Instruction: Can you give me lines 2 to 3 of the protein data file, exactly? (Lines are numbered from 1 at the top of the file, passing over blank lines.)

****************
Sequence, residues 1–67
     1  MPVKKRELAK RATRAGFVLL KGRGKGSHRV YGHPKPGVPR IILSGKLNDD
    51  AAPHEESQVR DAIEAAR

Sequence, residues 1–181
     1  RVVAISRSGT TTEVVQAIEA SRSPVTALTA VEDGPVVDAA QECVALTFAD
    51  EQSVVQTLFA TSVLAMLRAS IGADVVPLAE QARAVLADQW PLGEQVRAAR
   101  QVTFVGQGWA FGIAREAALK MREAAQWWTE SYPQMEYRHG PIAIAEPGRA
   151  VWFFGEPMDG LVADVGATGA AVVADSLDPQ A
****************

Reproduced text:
     1  MPVKKRELAK RATRAGFVLL KGRGKGSHRV YGHPKPGVPR IILSGKLNDD
    51  AAPHEESQVR DAIEAAR